He came. He saw. She conquered.
In 1999, an elite interdisciplinary team headed by Nobel laureate Andrew Danicek gathered in California to carry out a ground-breaking time-travel experiment. While the rest of the world remained unaware, Julius Caesar was successfully transported from his last Ides of March to a specially-constructed covert facility.
"Picture a beautiful young woman racing down the freeway in a classic red Corvette with a distrustful Julius Caesar riding shotgun."--Sarah Rice, Booklist Magazine
"Fascinating characters and their often sad stories coalesce into an unforgettably wonderful tale of time travel and its consequences, thrilling one moment, tragic the next. In its diversity of settings and languages, its intelligent combination of experimental science with high culture, A Coin for the Ferryman creates a world in which Caesar emerges as a grand figure who is also a believably flesh-and-bone man, unperplexed by any adventure. Colossus though he is, Caesar cannot distract a reader from Cassandra, whose honesty and sensitivity render her a woman too strong to be hobbled even by historical inevitability."--W. Jeffrey Tatum, best-selling author of Always I Am Caesar, The Patrician Tribune, and Professor of Classics at The Victoria University of Wellington.
"Megan Edwards’ Julius Caesar takes charge of the narrative from the moment he appears. Neither the big brains of CALTECH nor the bright lights of Las Vegas intimidate him for an instant. Highly enjoyable!”–Greg Woolf, the Ronald J Mellor Professor of Ancient History at UCLA, and author of Et tu Bruté, The Life and Death of Ancient Cities, and Rome: An Empire’s Story.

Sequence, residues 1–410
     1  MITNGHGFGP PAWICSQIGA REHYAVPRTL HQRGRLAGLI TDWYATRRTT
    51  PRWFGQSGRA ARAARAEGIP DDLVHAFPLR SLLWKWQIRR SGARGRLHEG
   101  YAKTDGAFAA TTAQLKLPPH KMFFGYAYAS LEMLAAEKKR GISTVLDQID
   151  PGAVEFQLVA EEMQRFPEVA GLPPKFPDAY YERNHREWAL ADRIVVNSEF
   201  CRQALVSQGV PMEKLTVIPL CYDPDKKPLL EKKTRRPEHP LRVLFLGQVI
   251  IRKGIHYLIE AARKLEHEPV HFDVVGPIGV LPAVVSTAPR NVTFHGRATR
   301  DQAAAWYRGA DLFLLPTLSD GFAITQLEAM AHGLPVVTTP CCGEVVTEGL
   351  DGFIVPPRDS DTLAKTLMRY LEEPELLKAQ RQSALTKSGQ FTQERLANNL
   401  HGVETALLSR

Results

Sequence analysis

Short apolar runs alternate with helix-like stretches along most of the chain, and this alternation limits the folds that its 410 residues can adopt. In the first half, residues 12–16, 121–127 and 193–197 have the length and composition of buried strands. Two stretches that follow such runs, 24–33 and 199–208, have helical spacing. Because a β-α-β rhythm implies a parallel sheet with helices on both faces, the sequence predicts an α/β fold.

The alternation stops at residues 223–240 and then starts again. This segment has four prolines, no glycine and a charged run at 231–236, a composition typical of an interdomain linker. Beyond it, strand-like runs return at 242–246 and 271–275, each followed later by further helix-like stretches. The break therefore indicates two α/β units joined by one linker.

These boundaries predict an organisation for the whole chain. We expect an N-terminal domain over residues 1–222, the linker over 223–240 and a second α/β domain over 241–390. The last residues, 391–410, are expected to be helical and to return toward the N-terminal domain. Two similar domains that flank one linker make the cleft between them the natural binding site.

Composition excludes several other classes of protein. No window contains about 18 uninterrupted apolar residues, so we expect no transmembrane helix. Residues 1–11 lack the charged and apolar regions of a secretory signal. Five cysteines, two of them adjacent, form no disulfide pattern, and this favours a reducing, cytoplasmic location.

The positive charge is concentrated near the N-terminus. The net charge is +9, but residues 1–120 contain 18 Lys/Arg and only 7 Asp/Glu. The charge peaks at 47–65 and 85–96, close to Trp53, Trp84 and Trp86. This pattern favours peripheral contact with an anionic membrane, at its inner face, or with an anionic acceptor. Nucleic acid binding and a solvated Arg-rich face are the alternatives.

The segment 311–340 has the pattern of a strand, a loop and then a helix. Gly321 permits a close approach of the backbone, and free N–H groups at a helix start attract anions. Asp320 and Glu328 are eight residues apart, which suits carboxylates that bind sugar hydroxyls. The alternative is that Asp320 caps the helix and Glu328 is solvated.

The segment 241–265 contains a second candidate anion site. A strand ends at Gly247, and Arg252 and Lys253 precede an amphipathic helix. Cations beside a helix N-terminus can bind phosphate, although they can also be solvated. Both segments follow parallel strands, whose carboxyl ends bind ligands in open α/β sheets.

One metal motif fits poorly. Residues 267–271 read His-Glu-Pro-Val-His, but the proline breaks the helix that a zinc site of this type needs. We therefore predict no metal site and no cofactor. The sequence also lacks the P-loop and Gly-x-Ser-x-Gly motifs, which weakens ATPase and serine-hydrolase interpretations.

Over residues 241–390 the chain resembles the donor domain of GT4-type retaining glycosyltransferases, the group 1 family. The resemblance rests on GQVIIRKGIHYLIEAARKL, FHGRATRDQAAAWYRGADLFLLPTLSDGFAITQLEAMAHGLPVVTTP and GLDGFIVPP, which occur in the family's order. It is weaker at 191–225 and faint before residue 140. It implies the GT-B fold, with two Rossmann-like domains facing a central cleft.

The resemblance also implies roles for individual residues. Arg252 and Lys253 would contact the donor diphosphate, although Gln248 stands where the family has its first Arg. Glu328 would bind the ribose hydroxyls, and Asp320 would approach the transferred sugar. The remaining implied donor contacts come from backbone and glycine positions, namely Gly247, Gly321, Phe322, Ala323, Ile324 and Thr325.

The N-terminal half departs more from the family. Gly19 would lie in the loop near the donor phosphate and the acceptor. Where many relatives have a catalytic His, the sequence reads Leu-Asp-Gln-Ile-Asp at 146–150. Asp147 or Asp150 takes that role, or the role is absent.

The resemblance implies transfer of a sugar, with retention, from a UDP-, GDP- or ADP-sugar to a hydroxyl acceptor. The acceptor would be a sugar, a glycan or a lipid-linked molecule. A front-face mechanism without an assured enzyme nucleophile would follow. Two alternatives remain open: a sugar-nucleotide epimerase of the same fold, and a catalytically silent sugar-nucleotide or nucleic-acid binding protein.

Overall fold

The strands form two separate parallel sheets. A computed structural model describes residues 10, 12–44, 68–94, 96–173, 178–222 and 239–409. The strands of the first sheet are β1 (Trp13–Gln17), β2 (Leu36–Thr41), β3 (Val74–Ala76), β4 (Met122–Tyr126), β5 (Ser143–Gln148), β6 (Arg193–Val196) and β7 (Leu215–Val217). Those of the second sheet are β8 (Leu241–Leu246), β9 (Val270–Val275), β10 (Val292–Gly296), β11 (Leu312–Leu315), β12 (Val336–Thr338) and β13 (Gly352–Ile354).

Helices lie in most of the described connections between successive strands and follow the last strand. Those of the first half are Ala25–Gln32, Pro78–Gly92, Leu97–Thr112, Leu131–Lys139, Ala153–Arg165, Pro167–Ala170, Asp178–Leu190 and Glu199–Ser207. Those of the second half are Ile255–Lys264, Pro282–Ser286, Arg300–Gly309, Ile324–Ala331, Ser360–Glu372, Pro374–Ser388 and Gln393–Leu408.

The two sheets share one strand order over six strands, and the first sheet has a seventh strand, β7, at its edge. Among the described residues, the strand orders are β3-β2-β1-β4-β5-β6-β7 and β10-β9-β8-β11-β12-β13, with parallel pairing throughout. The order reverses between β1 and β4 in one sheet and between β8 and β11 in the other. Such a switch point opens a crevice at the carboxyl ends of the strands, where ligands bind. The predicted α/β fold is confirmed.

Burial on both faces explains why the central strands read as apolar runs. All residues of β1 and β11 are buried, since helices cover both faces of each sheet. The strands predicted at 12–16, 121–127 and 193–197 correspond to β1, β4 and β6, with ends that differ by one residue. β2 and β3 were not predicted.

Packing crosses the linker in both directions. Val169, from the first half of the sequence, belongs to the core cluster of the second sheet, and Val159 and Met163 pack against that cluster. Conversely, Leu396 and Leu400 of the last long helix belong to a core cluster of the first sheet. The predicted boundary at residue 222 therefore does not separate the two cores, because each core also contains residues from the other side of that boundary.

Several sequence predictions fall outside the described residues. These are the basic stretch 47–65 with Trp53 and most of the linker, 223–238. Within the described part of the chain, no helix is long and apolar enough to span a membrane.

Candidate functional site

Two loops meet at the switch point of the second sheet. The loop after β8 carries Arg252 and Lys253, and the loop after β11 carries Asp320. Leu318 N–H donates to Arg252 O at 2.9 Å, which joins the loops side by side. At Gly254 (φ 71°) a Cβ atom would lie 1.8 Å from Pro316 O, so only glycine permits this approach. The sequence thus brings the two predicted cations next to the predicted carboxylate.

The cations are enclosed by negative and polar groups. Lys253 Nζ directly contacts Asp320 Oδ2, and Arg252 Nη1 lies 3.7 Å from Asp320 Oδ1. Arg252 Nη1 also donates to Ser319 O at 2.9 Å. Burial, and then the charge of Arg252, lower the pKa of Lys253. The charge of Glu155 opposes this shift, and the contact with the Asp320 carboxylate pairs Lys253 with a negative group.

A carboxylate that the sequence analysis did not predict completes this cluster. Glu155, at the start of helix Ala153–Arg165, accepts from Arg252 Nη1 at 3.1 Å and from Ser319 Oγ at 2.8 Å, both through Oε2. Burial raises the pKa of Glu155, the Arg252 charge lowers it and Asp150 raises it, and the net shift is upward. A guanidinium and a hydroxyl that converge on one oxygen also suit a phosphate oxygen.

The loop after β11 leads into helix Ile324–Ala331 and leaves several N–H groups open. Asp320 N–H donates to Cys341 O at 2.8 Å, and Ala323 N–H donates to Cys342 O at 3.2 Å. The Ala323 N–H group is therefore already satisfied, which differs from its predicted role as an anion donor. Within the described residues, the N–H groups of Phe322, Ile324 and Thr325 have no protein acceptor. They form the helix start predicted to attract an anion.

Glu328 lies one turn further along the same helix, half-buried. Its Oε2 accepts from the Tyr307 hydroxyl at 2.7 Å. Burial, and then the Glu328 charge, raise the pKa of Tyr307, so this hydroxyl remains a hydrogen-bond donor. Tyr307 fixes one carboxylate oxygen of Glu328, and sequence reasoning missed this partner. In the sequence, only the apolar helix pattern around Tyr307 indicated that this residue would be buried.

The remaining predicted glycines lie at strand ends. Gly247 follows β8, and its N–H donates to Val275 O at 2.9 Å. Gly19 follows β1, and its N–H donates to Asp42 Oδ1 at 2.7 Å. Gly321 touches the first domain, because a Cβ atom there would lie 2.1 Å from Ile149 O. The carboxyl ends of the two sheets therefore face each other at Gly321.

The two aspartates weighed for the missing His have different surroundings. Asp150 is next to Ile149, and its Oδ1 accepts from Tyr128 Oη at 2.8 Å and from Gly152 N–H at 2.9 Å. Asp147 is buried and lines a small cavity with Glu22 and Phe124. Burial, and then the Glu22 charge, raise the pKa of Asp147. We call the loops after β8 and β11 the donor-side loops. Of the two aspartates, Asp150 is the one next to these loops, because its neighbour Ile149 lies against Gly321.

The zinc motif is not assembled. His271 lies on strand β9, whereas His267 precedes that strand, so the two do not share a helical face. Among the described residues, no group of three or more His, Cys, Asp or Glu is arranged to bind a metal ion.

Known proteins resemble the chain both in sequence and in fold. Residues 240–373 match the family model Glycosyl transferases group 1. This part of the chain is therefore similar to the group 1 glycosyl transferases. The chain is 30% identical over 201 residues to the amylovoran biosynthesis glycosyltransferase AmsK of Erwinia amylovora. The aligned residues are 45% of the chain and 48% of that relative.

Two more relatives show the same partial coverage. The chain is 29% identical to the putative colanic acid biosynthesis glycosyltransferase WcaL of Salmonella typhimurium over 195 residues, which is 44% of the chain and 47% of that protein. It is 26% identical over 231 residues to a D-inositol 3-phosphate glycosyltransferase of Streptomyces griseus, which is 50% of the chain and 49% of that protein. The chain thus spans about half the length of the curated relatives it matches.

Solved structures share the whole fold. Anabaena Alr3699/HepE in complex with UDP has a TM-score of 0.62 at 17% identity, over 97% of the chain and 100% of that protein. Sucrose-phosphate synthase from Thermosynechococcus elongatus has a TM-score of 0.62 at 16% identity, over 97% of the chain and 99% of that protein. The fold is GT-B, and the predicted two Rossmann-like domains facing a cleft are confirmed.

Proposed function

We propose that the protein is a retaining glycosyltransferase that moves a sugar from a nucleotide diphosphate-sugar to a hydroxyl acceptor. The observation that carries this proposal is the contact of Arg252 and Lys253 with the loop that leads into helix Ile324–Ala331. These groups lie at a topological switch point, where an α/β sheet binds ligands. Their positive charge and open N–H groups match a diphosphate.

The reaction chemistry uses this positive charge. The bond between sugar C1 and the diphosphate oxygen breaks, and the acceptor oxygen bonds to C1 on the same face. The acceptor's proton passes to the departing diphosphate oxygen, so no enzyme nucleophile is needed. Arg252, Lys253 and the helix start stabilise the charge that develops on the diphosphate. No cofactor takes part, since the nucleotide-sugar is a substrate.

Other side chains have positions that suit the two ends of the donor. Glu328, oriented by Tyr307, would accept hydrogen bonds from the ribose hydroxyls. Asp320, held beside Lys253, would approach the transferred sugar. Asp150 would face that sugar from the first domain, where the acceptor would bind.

“My love for Rome is eternal! You move through captivating twists of events with a plot within plot buildup. What kept me pondering even after I finished up the book was the part that was it all really fiction? What is myth – to me it’s only a fact with no evidence OR proof of the statement. But in this modern age, it doesn’t take time to gather facts and convert fiction to reality. From the days of Galileo to the present every fact was first considered either madness OR a myth. To me, this book presented that capability.”–Yamini Pandley, Goodreads.com
"In ironical concert with her detailed and daring fictions, her every account rings true. Indeed, historiographical theory informs the invented dialogues with Caesar as conqueror and writer of commentaries, of which the very Latin name avers, “made up.” –John Van Sickle, Professor of Classics & of Comparative Literature, City University of New York, Guggenheim fellow, and author of Virgil’s Book of Bucolics, the Ten Eclogues Translated into English Verse and The Design of Virgil’s Bucolics
“This is the best book I’ve read ALL YEAR. It was SO GOOD. I swear to god I haven’t read a book this good in so long I actually cried when I finished it. I’m not at all exaggerating. This is a new favorite book of all time for me. Whether or not you were considering reading this book, just do it. It is so enjoyable and interesting and intriguing from the very start.”
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